4.4 30
by Audrey Couloumbis

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A heartwarming holiday story from Audrey Couloumbis, the Newbery Honor–winning author of Getting Near to Baby. With beautiful writing and an endearing young narrator so honest and full of hope that you can't help but fall in love with him, Audrey Couloumbis tells a story, of a young boy and the grandfather that he’s just getting to know, that…  See more details below


A heartwarming holiday story from Audrey Couloumbis, the Newbery Honor–winning author of Getting Near to Baby. With beautiful writing and an endearing young narrator so honest and full of hope that you can't help but fall in love with him, Audrey Couloumbis tells a story, of a young boy and the grandfather that he’s just getting to know, that will make readers laugh and cry and, most of all, appreciate the gift of family.

It's a few days before Christmas when ten-year-old Jake's mom breaks her leg, ending up in the hospital. For as long as Jake can remember, it's been just him and his mom. So with no one else to look after him, the hospital contacts the gruff granddad that Jake only knows through awkward twice-a-year phone calls. When Granddad shows up, he's nothing like Jake expected. And he brings a dog with him—a nightmare dog, Jake thinks at first. But as Jake gets to know his grandfather and a makeshift family of friends and neighbors comes together around him and his mom, he realizes that this might not be such a bad Christmas after all.

From the Hardcover edition.

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Editorial Reviews

Publishers Weekly
In a slice-of-life novel filled with warmth and quiet humor, Couloumbis (War Games) shows how 10-year-old Jake weathers unexpected difficulties during the holidays. A few days before Christmas, Jake is dreaming of getting his first bike when his widowed mother has an accident. She falls on the ice and has to be hospitalized for several days with a broken leg. Jake is worried about his mother, but even after he is convinced she will fully recover, there remains the problem of finding a caretaker for Jake during the interim. Having his grandfather come from North Carolina seems to be the only solution, but Granddad is practically a stranger, and the dog he brings with him isn’t “the friendly kind.” Jake’s gradual acceptance of his grandfather’s idiosyncrasies is touchingly portrayed, especially when it becomes apparent that some of Jake’s fondest memories of his father are really tied to his grandfather. With a comforting resolution that occurs just in time for Christmas, this book confirms that family boundaries are expandable and family love can overcome obstacles. Ages 8–12. (Sept.)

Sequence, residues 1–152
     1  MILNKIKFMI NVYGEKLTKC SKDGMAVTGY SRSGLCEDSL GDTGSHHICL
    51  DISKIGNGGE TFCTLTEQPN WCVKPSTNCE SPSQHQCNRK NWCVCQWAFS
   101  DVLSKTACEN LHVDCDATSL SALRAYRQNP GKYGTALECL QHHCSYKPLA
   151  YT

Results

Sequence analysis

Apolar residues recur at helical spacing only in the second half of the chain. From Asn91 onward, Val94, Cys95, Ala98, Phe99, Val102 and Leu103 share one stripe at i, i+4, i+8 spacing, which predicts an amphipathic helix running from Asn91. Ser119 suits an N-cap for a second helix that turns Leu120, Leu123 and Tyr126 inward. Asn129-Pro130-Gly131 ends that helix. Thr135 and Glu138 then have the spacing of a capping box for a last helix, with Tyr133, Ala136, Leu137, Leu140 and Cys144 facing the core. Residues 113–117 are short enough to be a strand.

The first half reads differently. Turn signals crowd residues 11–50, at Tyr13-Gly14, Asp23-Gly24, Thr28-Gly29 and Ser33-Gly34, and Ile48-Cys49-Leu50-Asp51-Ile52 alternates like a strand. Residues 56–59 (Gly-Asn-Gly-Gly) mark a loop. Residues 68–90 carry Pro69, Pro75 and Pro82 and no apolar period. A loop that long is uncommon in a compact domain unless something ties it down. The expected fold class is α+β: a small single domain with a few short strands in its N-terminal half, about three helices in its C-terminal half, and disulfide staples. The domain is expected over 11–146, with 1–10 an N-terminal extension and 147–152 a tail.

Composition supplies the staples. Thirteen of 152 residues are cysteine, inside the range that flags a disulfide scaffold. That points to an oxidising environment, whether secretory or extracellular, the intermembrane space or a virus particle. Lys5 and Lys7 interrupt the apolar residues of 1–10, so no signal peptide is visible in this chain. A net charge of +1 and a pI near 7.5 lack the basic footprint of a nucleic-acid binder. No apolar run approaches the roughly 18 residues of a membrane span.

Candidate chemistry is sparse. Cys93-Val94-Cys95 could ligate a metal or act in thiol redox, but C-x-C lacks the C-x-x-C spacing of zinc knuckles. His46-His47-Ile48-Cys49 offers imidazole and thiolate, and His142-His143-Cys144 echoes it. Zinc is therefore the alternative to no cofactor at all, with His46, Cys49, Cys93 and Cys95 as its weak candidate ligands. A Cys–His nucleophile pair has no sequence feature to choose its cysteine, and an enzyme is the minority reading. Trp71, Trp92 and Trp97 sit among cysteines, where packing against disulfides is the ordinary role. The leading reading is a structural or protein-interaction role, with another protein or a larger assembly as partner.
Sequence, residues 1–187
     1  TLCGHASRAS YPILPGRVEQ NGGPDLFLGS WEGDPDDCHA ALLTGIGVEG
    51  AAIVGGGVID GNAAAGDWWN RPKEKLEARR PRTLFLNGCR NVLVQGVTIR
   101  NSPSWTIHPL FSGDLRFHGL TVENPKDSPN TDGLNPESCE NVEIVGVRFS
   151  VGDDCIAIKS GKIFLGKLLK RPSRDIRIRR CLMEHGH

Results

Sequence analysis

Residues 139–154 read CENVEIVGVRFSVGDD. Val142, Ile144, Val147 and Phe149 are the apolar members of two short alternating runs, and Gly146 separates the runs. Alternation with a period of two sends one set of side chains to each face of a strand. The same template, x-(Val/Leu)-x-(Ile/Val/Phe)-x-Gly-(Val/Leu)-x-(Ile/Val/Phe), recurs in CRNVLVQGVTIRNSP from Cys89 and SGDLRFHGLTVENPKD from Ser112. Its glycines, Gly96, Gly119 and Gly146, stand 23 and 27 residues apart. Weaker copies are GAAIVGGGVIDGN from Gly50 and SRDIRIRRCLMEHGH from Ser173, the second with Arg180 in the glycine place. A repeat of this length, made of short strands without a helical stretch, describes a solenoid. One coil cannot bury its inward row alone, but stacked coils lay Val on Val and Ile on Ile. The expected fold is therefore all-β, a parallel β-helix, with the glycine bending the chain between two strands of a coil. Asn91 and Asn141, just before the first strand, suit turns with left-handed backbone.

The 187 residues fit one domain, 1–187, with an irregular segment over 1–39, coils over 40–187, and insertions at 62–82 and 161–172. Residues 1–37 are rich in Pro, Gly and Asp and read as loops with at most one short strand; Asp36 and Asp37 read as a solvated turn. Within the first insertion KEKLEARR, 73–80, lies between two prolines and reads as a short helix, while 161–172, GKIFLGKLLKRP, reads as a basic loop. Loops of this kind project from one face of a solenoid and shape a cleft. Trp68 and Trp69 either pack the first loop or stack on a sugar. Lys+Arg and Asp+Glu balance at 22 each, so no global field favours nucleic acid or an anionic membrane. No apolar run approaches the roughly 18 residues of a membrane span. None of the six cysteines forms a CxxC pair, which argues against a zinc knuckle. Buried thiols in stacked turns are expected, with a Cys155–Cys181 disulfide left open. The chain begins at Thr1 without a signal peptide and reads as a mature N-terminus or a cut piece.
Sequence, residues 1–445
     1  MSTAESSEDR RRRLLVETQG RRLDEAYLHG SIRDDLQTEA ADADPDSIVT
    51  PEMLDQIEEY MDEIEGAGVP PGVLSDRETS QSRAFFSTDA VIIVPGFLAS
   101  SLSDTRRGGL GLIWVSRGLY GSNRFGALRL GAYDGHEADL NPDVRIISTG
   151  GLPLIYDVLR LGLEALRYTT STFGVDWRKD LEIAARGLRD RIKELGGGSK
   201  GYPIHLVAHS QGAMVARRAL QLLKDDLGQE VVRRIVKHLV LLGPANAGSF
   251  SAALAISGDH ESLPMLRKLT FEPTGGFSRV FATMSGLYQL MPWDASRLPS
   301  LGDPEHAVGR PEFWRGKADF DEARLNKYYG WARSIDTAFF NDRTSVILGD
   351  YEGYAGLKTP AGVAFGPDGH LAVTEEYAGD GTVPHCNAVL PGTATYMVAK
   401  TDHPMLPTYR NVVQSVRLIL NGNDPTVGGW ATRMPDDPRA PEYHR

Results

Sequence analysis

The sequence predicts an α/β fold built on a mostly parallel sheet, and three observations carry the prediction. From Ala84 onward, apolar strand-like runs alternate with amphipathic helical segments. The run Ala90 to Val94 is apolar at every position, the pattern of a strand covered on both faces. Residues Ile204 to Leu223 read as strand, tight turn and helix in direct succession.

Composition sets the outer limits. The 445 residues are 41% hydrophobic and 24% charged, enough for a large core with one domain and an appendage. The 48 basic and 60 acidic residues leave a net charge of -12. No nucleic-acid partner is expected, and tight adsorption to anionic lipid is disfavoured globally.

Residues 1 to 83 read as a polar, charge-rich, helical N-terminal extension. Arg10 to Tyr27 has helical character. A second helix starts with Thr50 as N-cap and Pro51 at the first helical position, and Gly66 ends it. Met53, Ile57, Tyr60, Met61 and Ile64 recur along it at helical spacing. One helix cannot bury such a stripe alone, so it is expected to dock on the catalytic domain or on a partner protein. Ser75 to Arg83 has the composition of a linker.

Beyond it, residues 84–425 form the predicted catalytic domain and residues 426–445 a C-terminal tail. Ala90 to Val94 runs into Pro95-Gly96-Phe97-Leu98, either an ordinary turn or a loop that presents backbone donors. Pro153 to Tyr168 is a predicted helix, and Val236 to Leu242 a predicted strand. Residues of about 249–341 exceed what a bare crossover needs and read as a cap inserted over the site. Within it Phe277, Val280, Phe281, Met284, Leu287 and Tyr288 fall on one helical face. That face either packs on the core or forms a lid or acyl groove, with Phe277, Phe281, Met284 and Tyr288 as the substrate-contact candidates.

Children's Literature - Beverley Fahey
A fall in a parking lot sends Jake's widowed mother to the hospital with a broken leg just before the Christmas holidays. There is no one else to care for Jake except his paternal grandfather who he knows only through twice-a-year phone calls. Granddad arrives all ex-military spit-and-polish with a gruff demeanor and a "nightmare dog" named Max. It takes the efforts of cheerful neighbor Mrs. Buttermark to help smooth over the awkwardness the two are feeling. Gradually, the pair warm up to each other and it is revealed that Granddad is as unsure of this relationship as Jake but, like the boy, wants it to work. Spending time with his Granddad, Jake discovers he is very much like his dad. He remembers knowing his grandfather in younger days, and even when he and Max were "puppies" together. That Jake learns to overcome his fear of the deep end of the pool and his aversion to the rambunctious dog are perfect, non-didactic life lessons for readers. As Christmas Day approaches, the new family unit is joined by Aunt Ginny and mom's friend Suzie. They all come together to make a special holiday not only for Jake's mom but for each of them as well. This warm, spare first-person narrative moves briskly, and readers will be charmed by Jake's poignant inner thoughts. Jake and Granddad's acceptance of one another is comforting and the resolution is credible. This true-to-life story celebrates acceptance of different kinds of family units and proves that a small family like Jake's can be at once tender and powerful. This is a perfect gem for a family read-aloud, not just at Christmas but any time. Reviewer: Beverley Fahey